A guided tour in Battery Aachen – part 1

Walking around at the Atlantikwall site of Raversyde, our virtual reconstructions link the past to the present. Let’s have a quick tour around this German coastal defense unit in 1915 and 1917.

At the entrance, two British sea mines, used as planters, were welcoming the visitor.

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Former entrance of Battery Aachen at_Raversyde

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Former entrance of Battery Aachen in the winter of 1916 or 1917

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Virtual reconstruction of the entrance in summer 1917

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Virtual reconstruction of the entrance in summer 1915

There was a path, connecting the two observation bunkers, that passed in front of the cannon platforms, but also gave access to the stairs of the former royal villa that gave way to the first line defence positions on the beach.

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Current situation at battery Aachen with mainly WW II remains

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The connecting pathway on the seaside in 1918

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Virtual reconstruction of the connecting pathway in 1917

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Virtual reconstruction of the connecting pathway in 1915

The soldiers were living in barracks that were integrated in the dunes, the planted layer of soil on the roof was acting as camouflage and protection against bombardments.  The barracks were reinforced after the British bombardment in October 1915.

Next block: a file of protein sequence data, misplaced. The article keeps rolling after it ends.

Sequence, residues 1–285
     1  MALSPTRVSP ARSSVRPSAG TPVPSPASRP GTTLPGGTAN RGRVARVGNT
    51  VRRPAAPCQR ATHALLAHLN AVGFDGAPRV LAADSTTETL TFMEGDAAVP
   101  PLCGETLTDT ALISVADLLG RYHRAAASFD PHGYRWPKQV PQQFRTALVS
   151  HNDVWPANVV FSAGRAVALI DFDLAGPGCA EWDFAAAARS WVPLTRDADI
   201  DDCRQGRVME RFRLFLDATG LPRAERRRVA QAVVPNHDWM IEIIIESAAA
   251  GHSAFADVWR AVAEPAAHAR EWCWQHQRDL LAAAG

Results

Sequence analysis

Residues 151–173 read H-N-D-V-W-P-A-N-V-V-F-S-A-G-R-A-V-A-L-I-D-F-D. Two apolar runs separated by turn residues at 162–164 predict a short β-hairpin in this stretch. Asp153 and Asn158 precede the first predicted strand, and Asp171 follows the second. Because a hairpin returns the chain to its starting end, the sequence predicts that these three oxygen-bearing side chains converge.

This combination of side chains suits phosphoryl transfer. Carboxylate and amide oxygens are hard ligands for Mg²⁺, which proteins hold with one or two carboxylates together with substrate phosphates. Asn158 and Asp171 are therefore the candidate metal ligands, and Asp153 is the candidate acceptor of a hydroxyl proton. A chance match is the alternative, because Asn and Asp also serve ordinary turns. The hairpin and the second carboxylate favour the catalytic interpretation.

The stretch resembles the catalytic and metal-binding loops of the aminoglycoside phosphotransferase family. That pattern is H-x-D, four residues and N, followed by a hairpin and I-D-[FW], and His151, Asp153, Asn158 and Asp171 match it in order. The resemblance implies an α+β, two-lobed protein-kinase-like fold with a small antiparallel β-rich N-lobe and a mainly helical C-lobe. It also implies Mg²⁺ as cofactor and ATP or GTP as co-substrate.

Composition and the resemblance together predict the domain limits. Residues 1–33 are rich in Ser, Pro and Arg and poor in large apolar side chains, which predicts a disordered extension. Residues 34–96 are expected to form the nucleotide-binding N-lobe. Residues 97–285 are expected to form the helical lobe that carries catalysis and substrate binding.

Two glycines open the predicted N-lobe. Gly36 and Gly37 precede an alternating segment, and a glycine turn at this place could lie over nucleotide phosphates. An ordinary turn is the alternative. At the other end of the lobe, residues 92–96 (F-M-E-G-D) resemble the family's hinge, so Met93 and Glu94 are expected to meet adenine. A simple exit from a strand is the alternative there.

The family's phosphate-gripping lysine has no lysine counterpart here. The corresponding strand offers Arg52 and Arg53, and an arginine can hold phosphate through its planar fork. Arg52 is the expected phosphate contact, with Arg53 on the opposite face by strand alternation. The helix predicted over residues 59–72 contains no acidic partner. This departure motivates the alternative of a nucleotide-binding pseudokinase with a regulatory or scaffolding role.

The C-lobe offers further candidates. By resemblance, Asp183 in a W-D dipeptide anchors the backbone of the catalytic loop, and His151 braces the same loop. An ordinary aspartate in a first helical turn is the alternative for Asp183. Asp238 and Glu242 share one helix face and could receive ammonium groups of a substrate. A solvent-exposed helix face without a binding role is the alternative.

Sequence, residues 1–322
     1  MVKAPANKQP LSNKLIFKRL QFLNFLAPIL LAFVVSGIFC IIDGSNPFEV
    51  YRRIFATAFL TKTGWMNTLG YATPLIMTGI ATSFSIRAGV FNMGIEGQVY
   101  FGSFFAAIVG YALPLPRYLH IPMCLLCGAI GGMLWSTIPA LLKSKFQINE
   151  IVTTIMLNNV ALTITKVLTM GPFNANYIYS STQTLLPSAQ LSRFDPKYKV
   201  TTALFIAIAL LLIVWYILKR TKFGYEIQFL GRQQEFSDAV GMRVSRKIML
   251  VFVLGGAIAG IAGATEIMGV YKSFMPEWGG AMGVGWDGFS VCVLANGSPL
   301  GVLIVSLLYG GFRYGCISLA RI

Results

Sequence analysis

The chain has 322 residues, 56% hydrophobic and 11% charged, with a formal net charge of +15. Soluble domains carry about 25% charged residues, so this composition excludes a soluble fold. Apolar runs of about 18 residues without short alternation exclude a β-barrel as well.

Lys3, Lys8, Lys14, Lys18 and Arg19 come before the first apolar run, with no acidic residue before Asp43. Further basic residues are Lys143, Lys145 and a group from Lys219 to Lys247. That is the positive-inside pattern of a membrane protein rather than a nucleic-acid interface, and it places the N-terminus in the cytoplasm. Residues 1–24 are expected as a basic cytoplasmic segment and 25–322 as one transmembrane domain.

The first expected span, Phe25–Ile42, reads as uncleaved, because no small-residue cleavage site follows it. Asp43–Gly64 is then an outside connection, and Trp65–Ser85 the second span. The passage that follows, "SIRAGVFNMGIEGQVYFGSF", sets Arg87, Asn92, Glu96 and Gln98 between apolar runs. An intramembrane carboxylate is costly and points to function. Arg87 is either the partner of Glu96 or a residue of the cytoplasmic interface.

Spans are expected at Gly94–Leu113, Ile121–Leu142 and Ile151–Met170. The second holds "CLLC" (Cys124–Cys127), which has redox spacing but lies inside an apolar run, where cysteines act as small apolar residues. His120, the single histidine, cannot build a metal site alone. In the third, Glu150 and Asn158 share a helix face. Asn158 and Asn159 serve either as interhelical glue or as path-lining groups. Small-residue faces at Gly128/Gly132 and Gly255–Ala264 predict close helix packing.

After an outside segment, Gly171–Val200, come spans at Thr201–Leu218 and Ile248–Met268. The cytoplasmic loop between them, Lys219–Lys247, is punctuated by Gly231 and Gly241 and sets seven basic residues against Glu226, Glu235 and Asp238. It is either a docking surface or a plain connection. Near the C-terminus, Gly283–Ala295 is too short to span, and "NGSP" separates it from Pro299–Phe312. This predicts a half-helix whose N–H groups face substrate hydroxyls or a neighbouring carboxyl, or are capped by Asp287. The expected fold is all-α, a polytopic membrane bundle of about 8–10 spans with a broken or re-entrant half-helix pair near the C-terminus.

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Construction of the barracks in early 1915

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Reinforced barracks in 1917

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Virtual reconstruction of the barracks in 1915

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Virtual reconstruction of the reinforced barracks in 1917

Battery Aachen contained four cannon platforms, that were also reinforced after the 1915 bombardments.  The cannons were put out of order by an inside explosion when the German troops withdrew at the end of the war.

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Cannon platform today

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Cannons platforms in 1918, the roof of the cannons is blown away by the explosion